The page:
A West Virginia judge already facing corruption allegations was charged Thursday with conspiring with a local prosecutor, county commissioner and a now-deceased sheriff to stop a confidential informant from telling the FBI about his drug deals with the sheriff.
Suspended Mingo County Circuit Judge Michael Thornsbury was charged Thursday with one count of conspiracy in a federal document called an information, signaling that he is cooperating with federal prosecutors and may plead guilty. The charge carries a possible maximum sentence of 10 years in prison.
Thornsbury’s attorney, Stephen Jory, did not immediately comment.
The U.S. Attorney’s Office in Charleston declined to say whether Mingo County Prosecutor Michael Sparks or County Commissioner Dave Baisden will be charged for their roles in the scheme. Former Sheriff Eugene Crum, meanwhile, died in an April shooting apparently unrelated to the conspiracy.
Thornsbury was indicted last month in a separate corruption case alleging that he’d abused his power to try to frame a romantic rival for false crimes. Prosecutors say Thornsbury had an affair with his secretary and tried to frame her husband repeatedly between 2008 and 2012 after she broke things off.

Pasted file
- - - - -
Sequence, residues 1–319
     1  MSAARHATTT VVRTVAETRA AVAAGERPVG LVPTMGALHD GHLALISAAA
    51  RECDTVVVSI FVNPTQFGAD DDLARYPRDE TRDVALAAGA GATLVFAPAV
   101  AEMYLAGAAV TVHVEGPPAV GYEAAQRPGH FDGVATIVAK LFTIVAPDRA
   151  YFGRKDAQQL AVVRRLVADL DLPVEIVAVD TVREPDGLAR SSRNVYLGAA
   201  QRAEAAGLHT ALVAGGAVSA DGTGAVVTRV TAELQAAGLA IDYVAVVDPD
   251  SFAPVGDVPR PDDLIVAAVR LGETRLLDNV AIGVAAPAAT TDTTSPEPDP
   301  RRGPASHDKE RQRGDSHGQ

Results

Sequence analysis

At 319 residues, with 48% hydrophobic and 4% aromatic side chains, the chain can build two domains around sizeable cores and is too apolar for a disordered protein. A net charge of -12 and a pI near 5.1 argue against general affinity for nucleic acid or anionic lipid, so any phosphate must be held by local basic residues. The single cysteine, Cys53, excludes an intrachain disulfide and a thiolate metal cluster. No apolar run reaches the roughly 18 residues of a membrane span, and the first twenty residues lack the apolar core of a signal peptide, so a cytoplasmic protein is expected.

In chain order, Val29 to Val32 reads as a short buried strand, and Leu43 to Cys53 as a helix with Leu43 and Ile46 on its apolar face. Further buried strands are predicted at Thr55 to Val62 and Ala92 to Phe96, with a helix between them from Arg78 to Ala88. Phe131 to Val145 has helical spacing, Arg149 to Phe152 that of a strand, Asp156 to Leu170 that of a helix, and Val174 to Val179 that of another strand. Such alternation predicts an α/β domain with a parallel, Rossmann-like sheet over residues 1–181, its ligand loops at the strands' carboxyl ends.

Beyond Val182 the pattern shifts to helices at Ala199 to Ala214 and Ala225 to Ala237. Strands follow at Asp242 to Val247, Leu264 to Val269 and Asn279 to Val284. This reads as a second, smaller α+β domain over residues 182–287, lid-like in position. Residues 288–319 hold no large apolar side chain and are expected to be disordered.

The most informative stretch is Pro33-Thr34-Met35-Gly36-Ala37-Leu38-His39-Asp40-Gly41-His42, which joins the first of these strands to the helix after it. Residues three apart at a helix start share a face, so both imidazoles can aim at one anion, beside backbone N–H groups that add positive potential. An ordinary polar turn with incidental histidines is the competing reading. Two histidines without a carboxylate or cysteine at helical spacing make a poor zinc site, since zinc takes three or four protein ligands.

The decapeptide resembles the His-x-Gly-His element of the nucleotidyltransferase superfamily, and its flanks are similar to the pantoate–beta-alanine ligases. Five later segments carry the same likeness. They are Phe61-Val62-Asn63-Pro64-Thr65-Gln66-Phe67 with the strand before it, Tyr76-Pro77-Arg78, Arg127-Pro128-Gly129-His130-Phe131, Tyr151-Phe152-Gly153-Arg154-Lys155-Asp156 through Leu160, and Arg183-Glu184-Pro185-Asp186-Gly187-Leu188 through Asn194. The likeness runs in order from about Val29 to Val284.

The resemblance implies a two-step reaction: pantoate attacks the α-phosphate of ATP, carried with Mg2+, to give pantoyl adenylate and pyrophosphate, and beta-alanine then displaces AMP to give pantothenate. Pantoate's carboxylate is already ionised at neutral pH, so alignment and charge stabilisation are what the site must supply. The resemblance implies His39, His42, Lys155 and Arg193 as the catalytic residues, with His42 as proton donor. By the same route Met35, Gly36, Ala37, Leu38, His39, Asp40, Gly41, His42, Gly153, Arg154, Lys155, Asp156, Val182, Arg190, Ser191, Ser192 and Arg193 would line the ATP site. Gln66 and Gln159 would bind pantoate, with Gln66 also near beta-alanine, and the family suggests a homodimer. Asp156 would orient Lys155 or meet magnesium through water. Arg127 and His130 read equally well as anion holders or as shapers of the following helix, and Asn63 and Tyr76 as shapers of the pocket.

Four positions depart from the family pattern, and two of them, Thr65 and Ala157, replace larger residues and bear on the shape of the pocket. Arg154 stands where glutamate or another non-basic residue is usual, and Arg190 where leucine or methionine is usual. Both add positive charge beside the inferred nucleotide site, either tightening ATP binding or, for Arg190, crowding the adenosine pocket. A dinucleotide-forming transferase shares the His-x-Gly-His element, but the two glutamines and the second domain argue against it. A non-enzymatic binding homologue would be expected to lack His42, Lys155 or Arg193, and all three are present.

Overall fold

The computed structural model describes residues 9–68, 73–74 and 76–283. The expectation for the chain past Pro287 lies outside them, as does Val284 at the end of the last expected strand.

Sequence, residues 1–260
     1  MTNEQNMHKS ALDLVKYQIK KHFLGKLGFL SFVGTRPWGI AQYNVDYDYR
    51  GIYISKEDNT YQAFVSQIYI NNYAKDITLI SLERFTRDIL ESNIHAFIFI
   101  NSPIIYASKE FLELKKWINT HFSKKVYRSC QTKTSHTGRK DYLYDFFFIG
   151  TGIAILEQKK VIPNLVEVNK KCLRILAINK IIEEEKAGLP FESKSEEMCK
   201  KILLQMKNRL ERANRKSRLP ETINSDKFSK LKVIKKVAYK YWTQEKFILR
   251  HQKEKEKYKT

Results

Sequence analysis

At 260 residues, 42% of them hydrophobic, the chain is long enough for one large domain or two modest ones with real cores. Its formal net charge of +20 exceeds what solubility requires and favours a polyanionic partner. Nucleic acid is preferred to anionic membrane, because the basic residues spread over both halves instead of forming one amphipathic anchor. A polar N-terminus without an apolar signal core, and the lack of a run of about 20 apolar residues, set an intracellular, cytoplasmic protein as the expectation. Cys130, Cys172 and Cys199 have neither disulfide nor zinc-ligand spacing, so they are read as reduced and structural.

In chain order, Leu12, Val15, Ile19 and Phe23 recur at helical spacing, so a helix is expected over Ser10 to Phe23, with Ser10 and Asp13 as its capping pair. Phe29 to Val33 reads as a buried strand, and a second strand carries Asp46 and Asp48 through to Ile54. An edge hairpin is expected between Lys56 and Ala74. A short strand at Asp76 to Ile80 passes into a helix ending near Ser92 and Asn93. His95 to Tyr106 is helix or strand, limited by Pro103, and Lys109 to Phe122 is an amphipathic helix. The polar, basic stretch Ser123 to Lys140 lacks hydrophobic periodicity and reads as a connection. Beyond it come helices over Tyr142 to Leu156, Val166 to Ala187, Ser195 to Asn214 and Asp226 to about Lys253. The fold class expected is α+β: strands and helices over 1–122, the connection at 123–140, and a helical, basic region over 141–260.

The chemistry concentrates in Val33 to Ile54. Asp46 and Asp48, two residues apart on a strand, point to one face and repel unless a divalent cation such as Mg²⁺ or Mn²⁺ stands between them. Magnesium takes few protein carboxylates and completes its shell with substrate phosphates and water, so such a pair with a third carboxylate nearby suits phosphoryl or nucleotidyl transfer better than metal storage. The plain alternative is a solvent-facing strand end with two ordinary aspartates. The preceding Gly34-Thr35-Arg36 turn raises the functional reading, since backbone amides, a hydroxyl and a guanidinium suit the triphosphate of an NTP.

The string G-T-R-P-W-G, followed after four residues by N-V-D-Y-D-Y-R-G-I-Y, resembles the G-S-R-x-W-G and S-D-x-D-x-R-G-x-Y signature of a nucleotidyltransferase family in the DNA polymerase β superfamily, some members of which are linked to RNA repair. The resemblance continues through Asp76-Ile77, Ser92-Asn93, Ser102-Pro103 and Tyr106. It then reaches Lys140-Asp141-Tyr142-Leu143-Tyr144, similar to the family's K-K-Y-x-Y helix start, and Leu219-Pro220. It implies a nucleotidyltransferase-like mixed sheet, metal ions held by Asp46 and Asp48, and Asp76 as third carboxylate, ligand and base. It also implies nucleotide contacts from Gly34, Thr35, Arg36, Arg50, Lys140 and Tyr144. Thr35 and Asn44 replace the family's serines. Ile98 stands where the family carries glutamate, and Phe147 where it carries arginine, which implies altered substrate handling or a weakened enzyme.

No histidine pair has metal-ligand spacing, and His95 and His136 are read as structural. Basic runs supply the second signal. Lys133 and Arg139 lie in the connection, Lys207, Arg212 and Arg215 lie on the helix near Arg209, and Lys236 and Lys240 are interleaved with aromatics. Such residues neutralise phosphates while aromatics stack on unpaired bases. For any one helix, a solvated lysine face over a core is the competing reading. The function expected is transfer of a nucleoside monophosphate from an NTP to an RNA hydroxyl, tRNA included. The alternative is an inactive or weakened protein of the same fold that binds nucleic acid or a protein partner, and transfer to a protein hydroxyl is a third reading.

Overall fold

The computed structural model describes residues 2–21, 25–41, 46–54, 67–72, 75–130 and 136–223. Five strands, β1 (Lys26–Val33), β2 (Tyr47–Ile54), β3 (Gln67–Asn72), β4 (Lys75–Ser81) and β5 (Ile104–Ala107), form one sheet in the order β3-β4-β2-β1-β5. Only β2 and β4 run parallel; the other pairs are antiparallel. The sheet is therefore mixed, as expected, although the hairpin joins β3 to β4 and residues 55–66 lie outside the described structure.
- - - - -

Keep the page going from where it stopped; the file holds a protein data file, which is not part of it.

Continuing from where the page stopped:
He’s accused of enlisting the help of a state trooper and commandeering the grand jury in that scheme and was set to stand trial next month.
Prosecutors didn’t immediately say how the new case will affect those charges.
The latest charges stem from a debt dispute between the former sheriff and a local signmaker, who prosecutors say told the FBI he’d been selling Crum illegal narcotics.
The documents say that Crum, Sparks, Baisden and others arranged for the man to be arrested and indicted on drug charges. They then pressured him into firing his own attorney and hiring one of their choosing in exchange for a lighter sentence.